I’m currently facing up to the fact that for the first time in my life, I have Anxiety. That capital letter is deliberate.
Even as I’m writing this I’m thinking about Googling “how do i know if i have anxiety” because in truth it’s been a very gradual realisation to come to. I know I don’t have a Generalised Anxiety Disorder because most things in life don’t worry me that much: I’m naturally a very sensitive person but since I hit 30 and stopped working in Finance I’ve found that I reach a state of calm just before an important meeting, an interview, speaking publically, or meeting new people. I’m relying on myself in these situations- to be prepared, to be engaging, to be intelligent- so my fears are really pretty minor here. In my everyday life I don’t have panic attacks and I don’t experience phobias or incapacitating fears that stop me getting on with things. But there’s something there.
I realised last year that I’ve been using stress to motivate myself. I’ve always worked well under pressure: I like to trot out the anecdote that one of my lowest ever marks for an essay at university was for one that I wrote and handed in early. And while all jobs have their pressurised times, for most of my working life I’ve worked in very cyclical roles that have periods of frenetic energy, and working in the charity sector often means being many things to many people. I’ve been riding that cortisol and giving in to a feeling of fear or stress in order to sharpen my mind and work quickly and efficiently. This probably helps to quell any fears about my abilities too as I don’t have time to worry about that aspect of my performance when I’m up against a tight deadline. Whether this plays in to my feelings of anxiety I don’t know, but they don’t feel unconnected.
I used to have this silly internal game with myself when getting off the final bus on my commute home: the Six Cat Challenge. If I could see six cats on that five-minute walk I felt like I’d won the lottery, and I would often report to M that day’s tally when I got indoors. The way my anxiety now manifests is to worry about each and every animal I see, whether pet or wild. I stare at cats’ stomachs to check that they aren’t too skinny, and I watch owners with their dogs to check they aren’t being angry or cruel. The sense of relief when I can’t see them any more is palpable. There’s a squirrel that I keep seeing at home and I feel so worried that there aren’t enough trees for it to be safe. Side note: did you know that squirrels screech a warning to other squirrels when they spot a predator? It sounds like a bird dying a slow horrifying death extremely loudly and it is chilling. That was my 5am wake-up call at the weekend, and of course I had to get dressed and go outside. The squirrel was fine.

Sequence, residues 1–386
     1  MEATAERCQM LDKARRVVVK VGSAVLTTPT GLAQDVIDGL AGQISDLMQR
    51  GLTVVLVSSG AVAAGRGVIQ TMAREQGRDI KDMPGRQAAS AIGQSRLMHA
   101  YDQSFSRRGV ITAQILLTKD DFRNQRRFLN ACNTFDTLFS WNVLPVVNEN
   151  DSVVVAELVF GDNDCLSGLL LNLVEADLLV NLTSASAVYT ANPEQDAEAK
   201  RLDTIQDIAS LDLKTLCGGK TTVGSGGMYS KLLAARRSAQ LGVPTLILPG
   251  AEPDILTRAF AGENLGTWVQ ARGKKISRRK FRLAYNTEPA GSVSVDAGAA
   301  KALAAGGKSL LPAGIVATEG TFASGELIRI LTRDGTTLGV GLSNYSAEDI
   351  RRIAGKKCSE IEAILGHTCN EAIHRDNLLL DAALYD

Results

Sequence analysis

Twice I’ve had episodes whereby I have felt I needed to help pigeons who were injured or abandoned and I have become hysterical. I now watch pigeons on my walk to work, willing them to be OK. A few months ago a man outside the Starbucks near work was surprised by some pigeons as he sat outside and his reaction seemed nasty to me so I shouted at him. Three times recently I have gotten up out of bed in the night to see what an animal-related noise was and I’m terrified that I will find a wounded animal and what will happen if I bring it inside (we have a cat). I put earplugs in if I can feel that I’m being hyper-aware of every noise in our quiet cul-de-sac, and I’m relieved when a crying noise is a baby not a creature. I can’t really give any examples of when an anxious or panicked feeling takes hold that isn’t related to animals, with the exception of M coming home after a few drinks and me getting worried, but that’s manageable. What bothers me the most is that it’s getting worse. And it can be really quite overwhelming.